There's a moment in the Call of Duty: Black Ops Cold War campaign that is quickly becoming the new "Press F to pay respects" amongst the fanbase faithful. It occurs during Woods and Mason's infiltration into the Mount Yamantau facility that also served as a key location in the original Black Ops game, when the former suggests maintaining a low profile to avoid detection.
"Yeah, because you're the expert in quiet!", jokes Mason, dryly.
"I'm a goddamn onion, Mason", replies Woods, "you should know that."
The implication here, of course, is that Woods is a man of many layers, with clandestine warfare being just one of them, but the clumsiness of the line, and the context in which it's unexpectedly spurted, has already made it an easy target for the internet's sightlines.
Even Woods' original voice actor, James C Burns, who wasn't asked to return for Cold War, struggled to repeat the aphorism on a recent livestream without cracking up. "Woods wouldn't say that," he grumbles in a fashion ironically typical of his character, "Who the fuck says that?!"
Funnily enough, it's Burns' noticeably confused, exasperated laughter that ultimately sums up my entire relationship with the latest Call of Duty campaign, which is so uneven, so brazen-faced in its tone, structure, and quality, that you can't help but giggle.
It's the kind of story that deserves everything it gets by unlocking the secret "bad" ending, which – in its own twisted way – feels like the only appropriate climax for a campaign that doesn't so much as jump the shark as it does repeatedly shoot it in the head until there's nothing but fish guts.
Back in Black
Let's recap that ending first, with full spoilers as a warning to those who haven't completed it yet. As part of the game's big twist bombshell drop, CIA operative Adler reveals that he's been brainwashing your character, a former Russian agent nicknamed Bell, into believing they've been allies for decades.
From there, you have the choice to either help him hunt down Cold War's big bad, Perseus, or deceive him, providing false intel on the villain's location. If you pursue the latter, while also managing to contact Perseus via a radio that can be uncovered in your safehouse, you'll be rewarded with the chance to stage an ambush on Adler and his crew as revenge for their manipulation.
In this scenario, you'll have to gun down all of your former friends one by one, including Adler and even Black Ops mainstays Woods and Mason, complete with bullet-cams chronicling their demise in gruesome fashion. From there, Perseus launches the last part of his master plan, nuking the entirety of western Europe and staging America as responsible, before whisking you away to a secret location safe and sound.
It is, by all accounts, utterly ridiculous, cramming decades of Black Ops lore into a blender and shredding up the timeline, making it impossible for the other sequels to even take place. Yet it's also the ending that, to me, feels most fitting for Raven Software's first stab at a Call of Duty campaign, though I would be surprised if anyone (especially Black Ops creator Treyarch, who co-developed the game) considers it canonical going forward.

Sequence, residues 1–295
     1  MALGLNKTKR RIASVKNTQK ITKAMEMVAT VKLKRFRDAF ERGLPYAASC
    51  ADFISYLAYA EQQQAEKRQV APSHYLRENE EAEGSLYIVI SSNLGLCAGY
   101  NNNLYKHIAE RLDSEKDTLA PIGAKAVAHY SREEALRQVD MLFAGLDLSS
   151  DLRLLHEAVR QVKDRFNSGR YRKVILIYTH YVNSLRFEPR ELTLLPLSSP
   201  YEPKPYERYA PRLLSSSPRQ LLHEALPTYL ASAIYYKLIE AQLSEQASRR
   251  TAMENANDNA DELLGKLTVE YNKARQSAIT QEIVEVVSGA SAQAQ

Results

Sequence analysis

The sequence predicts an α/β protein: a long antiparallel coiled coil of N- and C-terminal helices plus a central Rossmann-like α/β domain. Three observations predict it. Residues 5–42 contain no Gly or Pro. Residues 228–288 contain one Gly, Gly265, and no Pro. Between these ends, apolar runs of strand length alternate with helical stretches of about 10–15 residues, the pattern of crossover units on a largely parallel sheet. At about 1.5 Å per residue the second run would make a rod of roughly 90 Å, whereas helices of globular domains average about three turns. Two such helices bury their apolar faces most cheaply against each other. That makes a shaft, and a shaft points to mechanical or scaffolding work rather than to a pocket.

That's because Black Ops Cold War is all over the place even before reaching that screwball climax, from its disturbingly unironic portrayal of one of America's most pernicious presidents, to its grabbag mix of levels, positioning bafflingly old school corridor shooter sequences next to wild, experimental capers inspired by the spycraft of its setting.
That's not to say Black Ops Cold War's campaign is one to avoid entirely. Contrarily, those more innovative missions are some of the most interesting and cleverly designed levels I've played in a Call of Duty game in years, from infiltrating the Soviet Union to navigating an ever-changing mind palace of your own making.
But it's the company you keep during these operations that undermine much of Cold War's ability to connect. Adler, with his unflappable aura of 80's infused nonchalance, is meant to be a comrade that we admire at first, but even after his true intentions are revealed, it's hard to engage with someone that feels more like analogous iconography than an actual human being.
It doesn't help that some of his dialogue is painfully tone-deaf at times, either. "You're still one of us", he says to Bell shortly after putting them through the most damaging physical and psychological trauma of their lifetime. No, Adler, I'm absolutely not "one of you".
Woods and Mason, meanwhile, not only act and sound like histrionic pastiches of their former selves, but are bizarrely sidelined for much of the story, as if their sole purpose is to infrequently reassure the player that this is, in fact, the Black Ops game they paid for.
And that's not incorrect, either, in a weird sort of way. The Black Ops series' original themes of paranoia, government corruption, and state secrecy have slowly degenerated into an off-putting blend of sadistic nihilism over the course of its ten year history. Cold War – with its thoroughly irredeemable characters and total lack of self-awareness – feels like the only logical endpoint of that journey.
By the time I reached that gloriously stupid ending, then, I was more than ready to watch the world burn, so long as it meant taking this entire strain of Black Ops narrative nonsense down with it.
The opportunity to channel my frustrations with Cold War in the form of digital bullets aimed straight at Adler's head thus felt like a poetic justice of sorts, bringing everything full circle with this final act of reckless violence.
Black Ops Cold War gives you far more reason to act as boorishly as its campaign than truly invest in any of it. As a result, it didn't just seem apt to let the bad guys win, but necessary. The world they're winning wasn't much of a world worth saving anyway.